My wife’s mouth fell open. I tried to explain. “No, Uncle Ben,” I said. “Our kids are, boruch Hashem, fine. At least as far as we know. Dini’s just taking the course so that we can be armed with the right knowledge for any issues that do come up.”
“Right,” Dini nodded. “Prevention is the name of the game. That’s what the lady kept saying. Why wait until the child is suffering, and their self-esteem is low, and she’s a social outcast with failing grades and being bullied? Shouldn’t we try to prevent all that? That’s why they’re pushing schools to bring a social skills curriculum into the classroom. Kids will learn about all sorts of dysfunctions, traumas and wrongful behavior, and they’ll be given ways and methods to deal with these things as they come up. Sort of like, you know, preventative medicine.”
Uncle Ben always thinks and speaks in medical terms – and I mean always. A week after their youngest daughter got married, for example, my shvigger asked how they were coping with their newly-empty and quiet house.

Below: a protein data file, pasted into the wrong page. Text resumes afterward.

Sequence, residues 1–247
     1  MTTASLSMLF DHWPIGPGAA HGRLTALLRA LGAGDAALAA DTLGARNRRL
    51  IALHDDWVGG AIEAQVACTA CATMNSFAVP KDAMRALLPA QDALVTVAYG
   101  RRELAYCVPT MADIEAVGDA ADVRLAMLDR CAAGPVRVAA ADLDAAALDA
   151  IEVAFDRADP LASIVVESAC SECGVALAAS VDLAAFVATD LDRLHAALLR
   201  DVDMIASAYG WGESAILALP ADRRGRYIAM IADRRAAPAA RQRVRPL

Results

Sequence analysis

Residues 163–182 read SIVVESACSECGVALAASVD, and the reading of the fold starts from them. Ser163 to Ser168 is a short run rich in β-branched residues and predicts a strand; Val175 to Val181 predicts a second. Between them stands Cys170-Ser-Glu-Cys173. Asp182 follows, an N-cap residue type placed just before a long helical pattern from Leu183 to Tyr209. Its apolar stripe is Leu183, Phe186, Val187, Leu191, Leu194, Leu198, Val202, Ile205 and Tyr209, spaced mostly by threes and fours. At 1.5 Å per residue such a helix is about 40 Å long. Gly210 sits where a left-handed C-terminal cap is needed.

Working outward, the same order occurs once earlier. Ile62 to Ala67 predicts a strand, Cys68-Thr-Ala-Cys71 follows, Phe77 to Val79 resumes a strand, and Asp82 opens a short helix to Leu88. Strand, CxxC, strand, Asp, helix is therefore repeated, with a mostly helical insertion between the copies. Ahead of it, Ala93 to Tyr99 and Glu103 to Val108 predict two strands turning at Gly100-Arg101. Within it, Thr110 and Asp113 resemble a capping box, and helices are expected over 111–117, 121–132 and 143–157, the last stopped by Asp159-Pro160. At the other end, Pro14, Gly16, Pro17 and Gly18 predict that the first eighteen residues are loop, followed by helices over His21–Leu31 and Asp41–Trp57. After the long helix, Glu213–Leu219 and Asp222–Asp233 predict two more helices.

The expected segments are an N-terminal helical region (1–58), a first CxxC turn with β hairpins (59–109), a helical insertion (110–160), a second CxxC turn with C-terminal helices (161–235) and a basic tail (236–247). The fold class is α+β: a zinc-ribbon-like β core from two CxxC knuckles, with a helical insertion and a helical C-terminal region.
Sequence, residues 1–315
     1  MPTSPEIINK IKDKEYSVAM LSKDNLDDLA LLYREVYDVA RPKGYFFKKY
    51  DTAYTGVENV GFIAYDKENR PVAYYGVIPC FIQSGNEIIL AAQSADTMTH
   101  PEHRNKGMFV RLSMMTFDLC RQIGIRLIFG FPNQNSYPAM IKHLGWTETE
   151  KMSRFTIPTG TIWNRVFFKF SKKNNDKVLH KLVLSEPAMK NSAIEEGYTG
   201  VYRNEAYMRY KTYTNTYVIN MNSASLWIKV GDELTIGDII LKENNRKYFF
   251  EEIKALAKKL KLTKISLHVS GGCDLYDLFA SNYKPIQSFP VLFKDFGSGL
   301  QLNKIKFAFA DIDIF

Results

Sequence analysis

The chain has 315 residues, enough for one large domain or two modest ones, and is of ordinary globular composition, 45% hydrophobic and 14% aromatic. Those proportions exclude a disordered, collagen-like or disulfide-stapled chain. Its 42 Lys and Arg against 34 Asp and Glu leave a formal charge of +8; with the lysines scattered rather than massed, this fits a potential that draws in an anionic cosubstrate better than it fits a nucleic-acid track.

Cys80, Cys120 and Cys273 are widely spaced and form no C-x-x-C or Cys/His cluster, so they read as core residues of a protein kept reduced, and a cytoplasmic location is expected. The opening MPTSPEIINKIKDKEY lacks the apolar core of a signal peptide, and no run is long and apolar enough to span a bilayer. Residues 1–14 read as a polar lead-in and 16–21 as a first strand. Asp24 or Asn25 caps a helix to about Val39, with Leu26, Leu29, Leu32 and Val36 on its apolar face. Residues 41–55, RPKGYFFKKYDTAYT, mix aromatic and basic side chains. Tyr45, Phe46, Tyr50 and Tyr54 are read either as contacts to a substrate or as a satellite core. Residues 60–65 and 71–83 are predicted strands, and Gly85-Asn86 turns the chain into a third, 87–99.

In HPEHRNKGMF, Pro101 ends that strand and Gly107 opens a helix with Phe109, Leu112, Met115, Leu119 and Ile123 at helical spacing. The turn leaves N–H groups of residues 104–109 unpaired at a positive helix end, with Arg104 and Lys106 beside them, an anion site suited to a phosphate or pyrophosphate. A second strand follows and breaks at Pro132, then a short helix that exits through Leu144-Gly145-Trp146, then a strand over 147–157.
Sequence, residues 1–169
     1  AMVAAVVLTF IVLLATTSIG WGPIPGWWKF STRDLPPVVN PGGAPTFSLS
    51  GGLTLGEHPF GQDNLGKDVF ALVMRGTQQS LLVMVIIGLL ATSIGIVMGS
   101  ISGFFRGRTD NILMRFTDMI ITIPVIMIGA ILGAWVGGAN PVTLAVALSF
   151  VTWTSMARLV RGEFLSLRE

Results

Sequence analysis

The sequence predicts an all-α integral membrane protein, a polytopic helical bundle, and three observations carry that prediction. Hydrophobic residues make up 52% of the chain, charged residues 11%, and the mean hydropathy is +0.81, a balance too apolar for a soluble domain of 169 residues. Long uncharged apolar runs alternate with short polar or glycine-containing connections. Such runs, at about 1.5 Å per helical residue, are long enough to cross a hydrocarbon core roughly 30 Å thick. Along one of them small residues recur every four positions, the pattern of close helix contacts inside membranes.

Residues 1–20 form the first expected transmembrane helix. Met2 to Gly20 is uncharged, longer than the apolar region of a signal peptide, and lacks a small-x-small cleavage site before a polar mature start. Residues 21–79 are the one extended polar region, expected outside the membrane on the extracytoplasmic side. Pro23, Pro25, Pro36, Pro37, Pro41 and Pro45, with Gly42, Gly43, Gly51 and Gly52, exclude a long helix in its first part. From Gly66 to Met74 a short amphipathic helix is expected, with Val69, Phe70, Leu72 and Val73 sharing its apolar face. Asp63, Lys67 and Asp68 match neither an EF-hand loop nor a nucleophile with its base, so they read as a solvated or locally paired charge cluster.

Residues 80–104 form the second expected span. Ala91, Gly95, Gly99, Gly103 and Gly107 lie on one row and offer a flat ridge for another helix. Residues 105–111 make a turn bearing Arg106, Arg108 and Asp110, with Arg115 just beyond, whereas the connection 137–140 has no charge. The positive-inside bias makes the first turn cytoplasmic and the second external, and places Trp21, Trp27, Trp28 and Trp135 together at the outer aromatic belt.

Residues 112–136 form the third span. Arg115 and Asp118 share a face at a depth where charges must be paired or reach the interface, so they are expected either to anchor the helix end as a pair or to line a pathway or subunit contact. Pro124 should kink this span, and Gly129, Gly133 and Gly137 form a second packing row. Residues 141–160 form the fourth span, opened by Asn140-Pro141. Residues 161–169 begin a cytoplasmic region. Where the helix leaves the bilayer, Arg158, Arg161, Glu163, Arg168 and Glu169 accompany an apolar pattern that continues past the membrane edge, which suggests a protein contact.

“Well, the anesthetic has worn off,” Uncle Ben replied. “The numbness is gone. But we’re still pretty groggy and disoriented. The surgery has gone beautifully, though. The wedding was lovely and that’s a fine young man she married. Aunt Sheila and I will try to give them space, to prevent any post-op complications, you know…”
So I thought it was pretty smart of my wife to use the example of preventative medicine.
Boy, was I wrong!
“Preventative medicine?” Uncle Ben’s eyebrows shot up. “You teach the children about all sorts of dysfunctions, traumas and wrongful behavior – exposing them to notions they might then go and imitate – just in case? Can you imagine prescribing antibiotics to a whole classroom to prevent the one or two kids who might have strep from becoming more ill or spreading their infection? Can you imagine x-raying every child once a week – exposing them to the dangers of repeated radiation – because if you do catch something serious you can treat it early and easily? I don’t know much about parenting,” Uncle Ben confessed. “We didn’t ‘do’ parenting in our day. But I do know about medicine, and I know what’s bad medicine.”
“But Uncle Ben,” Dini argued, “you should have heard the stories about children with all sorts of serious dysfunctions who could be so easily helped with the right methods and therapies!”